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Provision of services for the diagnosis and treatment of heart disease. Fourth report of a Joint Cardiology Committee of the Royal College of Physicians of London and the Royal College of Surgeons of England.

Abstract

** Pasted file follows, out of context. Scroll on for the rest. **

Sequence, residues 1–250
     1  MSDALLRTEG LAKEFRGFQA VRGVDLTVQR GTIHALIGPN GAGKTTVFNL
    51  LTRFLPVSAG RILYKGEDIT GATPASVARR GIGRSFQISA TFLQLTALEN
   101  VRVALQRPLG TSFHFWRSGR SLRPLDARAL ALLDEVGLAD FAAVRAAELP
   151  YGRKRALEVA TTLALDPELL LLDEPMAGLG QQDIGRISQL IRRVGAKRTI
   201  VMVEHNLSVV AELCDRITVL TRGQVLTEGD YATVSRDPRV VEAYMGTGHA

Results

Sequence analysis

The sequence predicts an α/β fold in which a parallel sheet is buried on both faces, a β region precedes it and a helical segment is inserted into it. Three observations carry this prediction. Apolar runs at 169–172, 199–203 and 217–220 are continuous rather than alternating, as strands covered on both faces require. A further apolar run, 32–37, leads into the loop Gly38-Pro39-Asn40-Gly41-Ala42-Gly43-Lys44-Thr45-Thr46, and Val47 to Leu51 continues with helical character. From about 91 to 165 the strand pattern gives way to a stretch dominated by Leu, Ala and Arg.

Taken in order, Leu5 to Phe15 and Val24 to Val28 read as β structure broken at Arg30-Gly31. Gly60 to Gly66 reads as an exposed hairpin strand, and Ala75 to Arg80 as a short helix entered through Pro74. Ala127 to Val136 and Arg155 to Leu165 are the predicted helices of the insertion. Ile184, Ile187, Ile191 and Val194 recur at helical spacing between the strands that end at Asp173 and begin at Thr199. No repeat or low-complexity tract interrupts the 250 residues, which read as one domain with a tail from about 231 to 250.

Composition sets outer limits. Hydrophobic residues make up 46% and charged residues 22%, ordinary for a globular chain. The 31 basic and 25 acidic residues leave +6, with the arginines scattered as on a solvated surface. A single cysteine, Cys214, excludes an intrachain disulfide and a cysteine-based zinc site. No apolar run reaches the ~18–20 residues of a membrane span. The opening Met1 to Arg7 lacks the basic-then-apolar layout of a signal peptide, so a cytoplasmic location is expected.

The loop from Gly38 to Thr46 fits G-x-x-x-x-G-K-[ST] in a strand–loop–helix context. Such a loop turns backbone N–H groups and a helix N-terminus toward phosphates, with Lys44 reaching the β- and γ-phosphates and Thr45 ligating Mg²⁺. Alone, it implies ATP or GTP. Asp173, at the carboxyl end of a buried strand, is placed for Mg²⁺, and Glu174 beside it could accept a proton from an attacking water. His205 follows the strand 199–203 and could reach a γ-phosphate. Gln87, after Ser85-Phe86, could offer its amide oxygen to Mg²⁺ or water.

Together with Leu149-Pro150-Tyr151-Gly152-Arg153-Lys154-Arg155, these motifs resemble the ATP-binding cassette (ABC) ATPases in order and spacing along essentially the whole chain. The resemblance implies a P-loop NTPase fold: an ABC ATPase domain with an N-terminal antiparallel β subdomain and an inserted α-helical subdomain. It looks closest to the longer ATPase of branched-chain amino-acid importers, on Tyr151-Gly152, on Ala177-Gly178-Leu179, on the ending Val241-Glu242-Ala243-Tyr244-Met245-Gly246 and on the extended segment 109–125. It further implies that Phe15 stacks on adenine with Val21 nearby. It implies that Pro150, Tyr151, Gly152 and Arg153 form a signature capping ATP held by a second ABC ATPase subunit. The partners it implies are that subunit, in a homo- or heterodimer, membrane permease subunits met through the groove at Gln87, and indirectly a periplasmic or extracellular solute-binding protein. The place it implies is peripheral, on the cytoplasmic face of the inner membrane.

The principal conclusions of the fourth report of the Joint Cardiology Committee are: 1 Cardiovascular disease remains a major cause of death and morbidity in the population and of utilisation of medical services. 2 Reduction in the risk of cardiovascular disease is feasible, and better co-ordination is required of strategies most likely to be effective. 3 Pre-hospital care of cardiac emergencies, in particular the provision of facilities for defibrillation, should continue to be developed. 4 There remains a large shortfall in provision of cardiological services with almost one in five district hospitals in England and Wales having no physician with the appropriate training. Few of the larger districts have two cardiologists to meet the recommendation for populations of over 250,000. One hundred and fifty extra consultant posts (in both district and regional centres) together with adequate supporting staff and facilities are urgently needed to provide modest cover for existing requirements. 5 The provision of coronary bypass grafting has expanded since 1985, but few regions have fulfilled the unambitious objectives stated in the Third Joint Cardiology Report. 6 The development of coronary angioplasty has been slow and haphazard. All regional centres should have at least two cardiologists trained in coronary angioplasty and there should be a designated budget. Surgical cover is still required for most procedures and is best provided on site. 7 Advances in the management of arrhythmias, including the use of specialised pacemakers, implantable defibrillators, and percutaneous or surgical ablation of parts of the cardiac conducting system have resulted in great benefit to patients. Planned development of the emerging sub-specialty of arrhythmology is required. 8 Strategies must be developed to limit the increased exposure of cardiologists to ionising radiation which will result from the expansion and increasing complexity of interventional procedures. 9 Supra-regional funding for infant cardiac surgery and transplantation has been successful and should be continued. 10 Despite advances in non-invasive diagnosis of congenital heart disease the amount of cardiac catheterisation of children has risen due to the increase in number of interventional procedures. Vacant consultant posts in paediatric cardiology and the need for an increase in the number of such posts cannot be filled from existing senior registrar posts. All paediatric cardiac units should have a senior registrar and in the meantime it may be necessary to make proleptic appointments to consultant posts with arrangements for the appointees to complete their training. 11 Provision of care for the increasing number of adolescent and adult survivors of complex congenital heart disease is urgently required. The management of these patients is specialised, and the committee recommends that it should ultimately be undertaken by either adult or pediatric cardiologists with appropriate additional training working in supra-regionally funded centers alongside specially trained surgeons. 12 Cardiac rehabilitation should be available to all patients in the United Kingdom. 13 New recommendations for training in cardiology are for a total of at least five years in the specialty after general professional training, plus a year as senior registrar in general medicine. An additional year may be required for those wishing to work in interventional cardiology and adequate provision must be made for those with an academic interest. 14 It is essential that both basic and clinical research is carried out in cardiac centres but these activities are becoming increasingly limited by the lack of properly funded posts in the basic sciences and restriction in the number of honorary posts for clinical research workers. 15 A joint audit committee of the Royal College of Physicians and the British Cardiac Society has been established to coordinate audit in the specialty. All district and regional cardiac centres should cooperate with the work of the committee, in addition to their participation in local audit activities.

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